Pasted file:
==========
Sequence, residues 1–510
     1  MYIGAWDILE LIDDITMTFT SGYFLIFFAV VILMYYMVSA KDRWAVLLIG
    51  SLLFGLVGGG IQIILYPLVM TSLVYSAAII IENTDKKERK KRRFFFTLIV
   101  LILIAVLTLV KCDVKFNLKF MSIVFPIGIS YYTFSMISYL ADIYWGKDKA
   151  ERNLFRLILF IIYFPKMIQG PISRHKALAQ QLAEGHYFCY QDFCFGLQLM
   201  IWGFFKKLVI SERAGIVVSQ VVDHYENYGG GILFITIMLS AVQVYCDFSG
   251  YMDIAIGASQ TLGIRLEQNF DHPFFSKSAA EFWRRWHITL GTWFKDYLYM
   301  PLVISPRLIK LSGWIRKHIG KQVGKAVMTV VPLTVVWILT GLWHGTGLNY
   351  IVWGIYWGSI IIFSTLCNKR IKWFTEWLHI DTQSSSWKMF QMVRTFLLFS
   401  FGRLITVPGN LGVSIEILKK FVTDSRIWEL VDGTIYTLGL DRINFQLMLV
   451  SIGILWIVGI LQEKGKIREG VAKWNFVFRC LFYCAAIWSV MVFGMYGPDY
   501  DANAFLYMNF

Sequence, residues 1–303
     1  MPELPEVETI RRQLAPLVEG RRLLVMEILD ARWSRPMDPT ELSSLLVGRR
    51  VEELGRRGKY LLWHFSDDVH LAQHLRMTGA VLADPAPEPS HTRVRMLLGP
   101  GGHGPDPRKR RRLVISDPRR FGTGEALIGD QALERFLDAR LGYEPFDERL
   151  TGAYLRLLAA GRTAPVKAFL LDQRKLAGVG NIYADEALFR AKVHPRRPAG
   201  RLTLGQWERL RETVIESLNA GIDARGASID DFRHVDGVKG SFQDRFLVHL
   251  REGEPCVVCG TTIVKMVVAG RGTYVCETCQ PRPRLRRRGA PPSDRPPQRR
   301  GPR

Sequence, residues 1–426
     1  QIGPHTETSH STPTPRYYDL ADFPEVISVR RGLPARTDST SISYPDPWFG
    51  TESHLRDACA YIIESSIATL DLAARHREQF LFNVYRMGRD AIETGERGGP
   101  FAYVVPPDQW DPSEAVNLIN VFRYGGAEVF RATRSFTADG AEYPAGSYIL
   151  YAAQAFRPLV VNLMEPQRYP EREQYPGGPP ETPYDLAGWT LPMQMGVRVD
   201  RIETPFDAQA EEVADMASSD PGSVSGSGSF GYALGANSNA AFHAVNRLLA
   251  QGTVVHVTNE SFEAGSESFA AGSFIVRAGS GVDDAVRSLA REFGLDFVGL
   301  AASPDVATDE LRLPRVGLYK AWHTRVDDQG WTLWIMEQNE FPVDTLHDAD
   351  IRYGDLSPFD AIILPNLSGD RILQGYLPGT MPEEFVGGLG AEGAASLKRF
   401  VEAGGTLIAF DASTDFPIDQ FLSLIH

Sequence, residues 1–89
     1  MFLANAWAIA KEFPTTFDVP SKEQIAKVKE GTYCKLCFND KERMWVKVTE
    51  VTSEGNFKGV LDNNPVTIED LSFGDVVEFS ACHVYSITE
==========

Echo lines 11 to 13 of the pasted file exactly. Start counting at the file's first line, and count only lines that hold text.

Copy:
   451  SIGILWIVGI LQEKGKIREG VAKWNFVFRC LFYCAAIWSV MVFGMYGPDY
   501  DANAFLYMNF

Sequence, residues 1–303